Since it is impossible to distinguish be.- iween well-informed and poorly informed economies during herding, both individual traders and the market maker must rely on their initial assessments. Because the initial assessment.; are that a well-informed econ- omy Is relatively more likely than a poorly informed one, the marker n;aker increases the price and L types increase their valua- tions throughout the pcriod of herding al- rriost as if the market were \veil informed. Eveiitually, the rnarket rnaker ends herding byincreasing the price and the spread suffi- a:iently in period 57. Figure 2 shows the el'- ftxt of the end of herding. There is a fa11 in buying and a rise in no trade as the bid/ask spread forccs E types out of the market. This drop in trading volume signals (over time) that previous actions were due to herding rather than to trading by N types. Note the similarity in the two flai spots in the price path. In periods 1-40, the market maker takes time to learn that there has been a change in fundamentals, while in periods-55-100,he takes time to learn that the mar- ket is poorly informed, In each case, the niarket maker is slow 60 rcspond because he has extreme beliefs,

Oxlce it becomes apparent that the market is poorly informed, the price naturally has to drop, for there simply is not as much infor- ~x~ationin previous trading as had been as-sul-ned.This brings us back to the case of event ?mcetTainly alone: the price should only have adjusted according to the information content oi' one poorly informed signal rather than to that of many well-informed trades. As a result, the price falls to near 'I2before any further infom~ed trading takes place. Around period 220, the probability of no trade declines as L types reenter the market---this time trading on alreir information about the new asset value. The market is only learning about one dimen- sion of ~lncestainty a? a time. At first, the mar- ket learns that an information event has occurred. Then it learns that the market is poorly informed. Only when these first two di- mensions are sufficiently resolved, does the market begin to aggregate information about value uncertainty. The price bubble arises because the market mistakenly thinks that it is learning about both event and value uncertainty.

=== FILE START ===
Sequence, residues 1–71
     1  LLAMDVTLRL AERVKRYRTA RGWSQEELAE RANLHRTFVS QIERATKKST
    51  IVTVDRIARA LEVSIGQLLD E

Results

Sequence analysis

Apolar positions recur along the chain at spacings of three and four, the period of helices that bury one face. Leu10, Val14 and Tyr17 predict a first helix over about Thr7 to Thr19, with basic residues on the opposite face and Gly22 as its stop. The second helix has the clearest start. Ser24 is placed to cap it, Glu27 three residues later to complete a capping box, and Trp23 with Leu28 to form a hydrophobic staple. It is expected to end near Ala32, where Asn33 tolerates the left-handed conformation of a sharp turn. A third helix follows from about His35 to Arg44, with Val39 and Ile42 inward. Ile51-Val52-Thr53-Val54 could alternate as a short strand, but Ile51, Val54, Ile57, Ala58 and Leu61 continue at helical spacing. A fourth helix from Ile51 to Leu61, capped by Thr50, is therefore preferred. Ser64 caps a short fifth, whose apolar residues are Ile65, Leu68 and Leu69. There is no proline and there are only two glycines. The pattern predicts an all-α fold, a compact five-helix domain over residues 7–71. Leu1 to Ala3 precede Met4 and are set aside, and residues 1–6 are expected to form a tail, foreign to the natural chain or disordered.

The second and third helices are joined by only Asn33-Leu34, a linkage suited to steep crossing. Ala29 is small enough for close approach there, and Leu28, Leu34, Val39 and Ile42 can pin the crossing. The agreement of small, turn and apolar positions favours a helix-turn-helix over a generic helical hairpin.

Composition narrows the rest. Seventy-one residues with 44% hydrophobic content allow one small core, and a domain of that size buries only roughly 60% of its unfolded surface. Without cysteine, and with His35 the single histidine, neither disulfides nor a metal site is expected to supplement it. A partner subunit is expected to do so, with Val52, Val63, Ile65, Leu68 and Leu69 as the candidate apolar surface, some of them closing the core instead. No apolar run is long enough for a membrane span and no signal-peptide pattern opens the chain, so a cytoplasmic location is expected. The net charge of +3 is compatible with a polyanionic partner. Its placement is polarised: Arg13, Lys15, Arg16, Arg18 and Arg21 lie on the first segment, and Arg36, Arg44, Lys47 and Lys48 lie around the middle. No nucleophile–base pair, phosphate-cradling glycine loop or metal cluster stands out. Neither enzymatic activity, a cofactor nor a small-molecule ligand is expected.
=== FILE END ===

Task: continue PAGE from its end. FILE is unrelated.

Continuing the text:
C. Discussion and Connections to Prior Research

It is possible to formalize the above ex- ample to show that price bubbles consis- tently occur under certain identifiable, but unlikely, conditions. There are three key fea- tures of the example. First, an information event is very unlikely, T:',~+1. This assures that the price is fixed for a long period of time, so that a substantial amount of herd behavior occurs. Second, it is very likely that the market is well informed, ~1),~/~1).~

I+ 1. This assures that at first the market maker completely discounts the possibility that the market is poorly informed and that the sub- stantial imbalance in trade is due to herding. Third, all informed traders are of type L in a poorly informed market, ,ug = 0. Then a poorly informed market with herd behavior behaves exactly like a well-informed market and nothing is learned about composition uncertainty if there is herding. These effects combine to create highly volatile prices


when the market is poorly informed about an

information event. In particular, the price

tends arbitrarily close to am extreme value,

then returns to 'I2The cxtseme value can be

either 0 or 1 .''

The existence of price bubbles in IS 11 for

extreme parameters is consistent with a general

intuition. The combination of event and com-

position uncertainty leads herd behavior to dis-

tort asset prices. So long as the market maker

can not completely distinguish between a well-

informed market and a poorly informed market

during periods of herding, the herd behavior that

arises from event uncertainty will distort prices.

The more the market maker 1s surpriseti that the

market is poorly informed, tlhe more prices will

respond to the herd behavior.

Our conclusion that rational herding can ex-

plain price bubbles and crashes contrasts with

several papers which argue implicitly that